Could I use a small through hole or smt inductor with my application? I've seen $1.5 smt inductors rated for 3 amps :eek: !
     
  9. Feb 7, 2013 #8

    sophiecentaur

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    One possible way the unit could work would be by using an oscillator to generate AC at a high voltage and use a transformer (or equivalent) to give you more current at a lower voltage. As long as you don't hope to exceed the input Volt Amps then there is no reason it wouldn't work.
     
  10. Feb 8, 2013 #9
    Are you implying the occilator steps the voltage up higher than input before going to a transformer?

    I suppose that's what the buck boost does, it has an inductor and capacitor and rapid on off switch. Wikipedia is not very clear.

    I have a camera flash circuit that does the opposite of that. Turns a battery into AC current to use a transformer to step up the voltage.

    What other ways are there? All my google search turns up is buck boost wikipedia. I have the feeling that turning DC into AC into DC again AND running through a transformer is bound to cost me more $ than adding additional solar panels lol. Or am i wrong?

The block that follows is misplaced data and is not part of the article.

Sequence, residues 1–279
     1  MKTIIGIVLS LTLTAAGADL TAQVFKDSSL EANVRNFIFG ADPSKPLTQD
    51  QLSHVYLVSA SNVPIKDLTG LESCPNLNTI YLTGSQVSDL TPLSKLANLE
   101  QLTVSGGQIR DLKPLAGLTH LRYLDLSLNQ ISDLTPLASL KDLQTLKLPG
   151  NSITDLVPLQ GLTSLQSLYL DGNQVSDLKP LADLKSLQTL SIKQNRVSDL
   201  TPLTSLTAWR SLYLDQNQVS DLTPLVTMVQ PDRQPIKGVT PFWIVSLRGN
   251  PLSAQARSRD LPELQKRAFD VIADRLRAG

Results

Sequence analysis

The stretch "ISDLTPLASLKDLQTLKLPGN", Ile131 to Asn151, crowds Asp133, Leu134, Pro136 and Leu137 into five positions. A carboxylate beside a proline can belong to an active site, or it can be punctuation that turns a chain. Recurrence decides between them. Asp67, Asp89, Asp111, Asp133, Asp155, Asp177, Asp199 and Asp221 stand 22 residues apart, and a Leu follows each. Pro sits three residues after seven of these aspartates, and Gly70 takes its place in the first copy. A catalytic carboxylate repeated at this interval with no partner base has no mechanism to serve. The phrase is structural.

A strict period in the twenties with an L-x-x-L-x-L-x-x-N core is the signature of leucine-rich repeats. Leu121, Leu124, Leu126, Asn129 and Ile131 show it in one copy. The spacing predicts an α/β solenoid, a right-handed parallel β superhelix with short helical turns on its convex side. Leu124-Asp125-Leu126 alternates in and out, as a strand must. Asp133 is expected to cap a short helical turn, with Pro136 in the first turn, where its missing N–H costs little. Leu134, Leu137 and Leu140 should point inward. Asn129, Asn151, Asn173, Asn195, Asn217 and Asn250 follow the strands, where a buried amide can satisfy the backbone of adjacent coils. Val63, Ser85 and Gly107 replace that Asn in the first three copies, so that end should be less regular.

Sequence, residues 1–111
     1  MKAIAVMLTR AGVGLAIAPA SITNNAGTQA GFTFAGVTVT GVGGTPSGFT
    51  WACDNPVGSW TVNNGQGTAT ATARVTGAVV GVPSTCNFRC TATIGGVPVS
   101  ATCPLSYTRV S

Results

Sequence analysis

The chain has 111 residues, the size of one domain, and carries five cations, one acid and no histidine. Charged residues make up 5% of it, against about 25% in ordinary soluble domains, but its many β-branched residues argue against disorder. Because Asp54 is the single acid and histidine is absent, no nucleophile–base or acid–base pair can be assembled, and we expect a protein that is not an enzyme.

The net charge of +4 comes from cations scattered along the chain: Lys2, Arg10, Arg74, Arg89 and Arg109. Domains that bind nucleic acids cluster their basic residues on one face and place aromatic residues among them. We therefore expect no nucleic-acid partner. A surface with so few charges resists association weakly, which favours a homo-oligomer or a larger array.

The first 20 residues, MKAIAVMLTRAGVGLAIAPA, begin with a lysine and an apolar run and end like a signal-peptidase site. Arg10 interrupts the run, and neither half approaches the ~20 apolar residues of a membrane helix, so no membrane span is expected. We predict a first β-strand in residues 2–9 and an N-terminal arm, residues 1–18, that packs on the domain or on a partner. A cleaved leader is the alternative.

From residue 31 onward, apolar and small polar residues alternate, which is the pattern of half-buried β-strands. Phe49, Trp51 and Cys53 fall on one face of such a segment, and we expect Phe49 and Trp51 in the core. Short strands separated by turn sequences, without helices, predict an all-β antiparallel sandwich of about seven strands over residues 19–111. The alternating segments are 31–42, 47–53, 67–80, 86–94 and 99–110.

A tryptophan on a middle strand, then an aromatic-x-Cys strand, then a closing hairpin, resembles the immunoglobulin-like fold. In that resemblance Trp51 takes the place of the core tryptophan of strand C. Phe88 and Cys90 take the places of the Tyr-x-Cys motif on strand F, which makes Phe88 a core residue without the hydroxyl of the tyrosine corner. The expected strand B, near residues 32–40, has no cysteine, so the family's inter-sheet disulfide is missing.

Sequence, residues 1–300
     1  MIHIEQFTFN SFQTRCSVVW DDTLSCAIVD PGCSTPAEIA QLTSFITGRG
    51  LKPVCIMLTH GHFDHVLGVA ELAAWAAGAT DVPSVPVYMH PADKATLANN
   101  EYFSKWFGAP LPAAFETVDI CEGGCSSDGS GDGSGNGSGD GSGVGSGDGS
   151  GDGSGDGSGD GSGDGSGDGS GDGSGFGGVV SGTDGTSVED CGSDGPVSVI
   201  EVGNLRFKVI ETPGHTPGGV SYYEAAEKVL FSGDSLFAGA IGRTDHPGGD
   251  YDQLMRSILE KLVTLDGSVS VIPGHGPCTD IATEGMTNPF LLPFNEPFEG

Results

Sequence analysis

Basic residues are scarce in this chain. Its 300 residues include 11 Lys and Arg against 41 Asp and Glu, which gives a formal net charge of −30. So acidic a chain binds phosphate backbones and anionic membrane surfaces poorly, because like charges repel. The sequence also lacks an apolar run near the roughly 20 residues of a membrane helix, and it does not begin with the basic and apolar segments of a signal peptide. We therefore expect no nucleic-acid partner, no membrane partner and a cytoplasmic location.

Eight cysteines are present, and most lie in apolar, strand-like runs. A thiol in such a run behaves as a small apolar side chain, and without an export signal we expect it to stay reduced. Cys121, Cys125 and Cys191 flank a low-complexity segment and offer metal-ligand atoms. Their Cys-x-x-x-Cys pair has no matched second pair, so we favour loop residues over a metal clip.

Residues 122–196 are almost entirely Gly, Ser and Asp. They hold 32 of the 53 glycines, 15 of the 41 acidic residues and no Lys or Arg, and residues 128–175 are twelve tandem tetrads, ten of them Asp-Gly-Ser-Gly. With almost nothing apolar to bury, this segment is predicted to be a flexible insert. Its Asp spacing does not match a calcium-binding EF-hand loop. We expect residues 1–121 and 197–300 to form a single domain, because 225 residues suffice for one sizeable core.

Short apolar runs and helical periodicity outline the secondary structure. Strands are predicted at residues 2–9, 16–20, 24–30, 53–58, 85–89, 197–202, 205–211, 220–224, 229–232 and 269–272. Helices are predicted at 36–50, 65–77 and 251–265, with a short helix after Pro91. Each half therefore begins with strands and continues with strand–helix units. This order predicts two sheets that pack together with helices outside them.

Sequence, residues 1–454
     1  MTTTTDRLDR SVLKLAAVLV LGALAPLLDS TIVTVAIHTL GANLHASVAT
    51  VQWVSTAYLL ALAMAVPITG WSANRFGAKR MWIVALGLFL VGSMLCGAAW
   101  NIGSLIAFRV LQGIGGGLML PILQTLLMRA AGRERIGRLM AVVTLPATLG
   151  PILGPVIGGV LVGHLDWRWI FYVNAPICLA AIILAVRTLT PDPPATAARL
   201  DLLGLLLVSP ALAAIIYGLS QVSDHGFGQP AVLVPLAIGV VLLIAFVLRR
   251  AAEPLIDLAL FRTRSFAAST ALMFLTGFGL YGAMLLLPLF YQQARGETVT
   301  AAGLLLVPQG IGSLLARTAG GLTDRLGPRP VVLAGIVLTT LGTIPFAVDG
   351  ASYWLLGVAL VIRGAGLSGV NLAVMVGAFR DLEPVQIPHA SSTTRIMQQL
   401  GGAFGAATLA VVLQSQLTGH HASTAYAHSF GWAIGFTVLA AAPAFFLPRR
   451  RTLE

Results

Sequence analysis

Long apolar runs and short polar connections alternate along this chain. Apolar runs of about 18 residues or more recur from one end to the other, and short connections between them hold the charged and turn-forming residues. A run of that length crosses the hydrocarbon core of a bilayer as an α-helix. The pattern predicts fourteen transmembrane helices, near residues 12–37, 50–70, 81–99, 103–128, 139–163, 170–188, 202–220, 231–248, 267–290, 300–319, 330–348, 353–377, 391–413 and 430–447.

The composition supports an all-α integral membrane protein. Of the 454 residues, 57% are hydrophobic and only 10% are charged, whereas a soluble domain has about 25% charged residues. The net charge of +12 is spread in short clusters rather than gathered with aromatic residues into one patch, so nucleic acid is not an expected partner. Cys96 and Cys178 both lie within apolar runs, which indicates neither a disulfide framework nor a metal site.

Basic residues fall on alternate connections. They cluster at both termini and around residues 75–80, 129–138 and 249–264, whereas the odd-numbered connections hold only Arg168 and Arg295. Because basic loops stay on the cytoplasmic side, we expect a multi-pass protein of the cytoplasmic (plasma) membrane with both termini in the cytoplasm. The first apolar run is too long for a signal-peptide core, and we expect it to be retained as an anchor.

11. Feb 9, 2013 #10

    sophiecentaur

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    I just meant that the voltage of the AC at the transformer primary would be the 'higher' value, governed by the higher supply voltage. There are many alternative circuits that can give 'step-up' or 'step-down' but a simple transformer is more familiar and, possibly, easier to understand - especially when it comes to talking about what happens to currents and volts.

    Ideally, you would be choosing a panel with the appropriate voltage, from the start. That would be the cheapest solution - unless you found one with the wrong voltage but at a knock down price. In which case, you could have fun (but probably not too much expense) doing a DC-DC conversion. Actually, I just remembered that, recently, I bought a DC-DC converter (cost<£10) from this family of circuits. As far as I could see, it did just what was needed (I didn't investigate it further than connecting it up as the spec sheet said and it worked.). I have no idea about the efficiency though, which may be relevant to your use.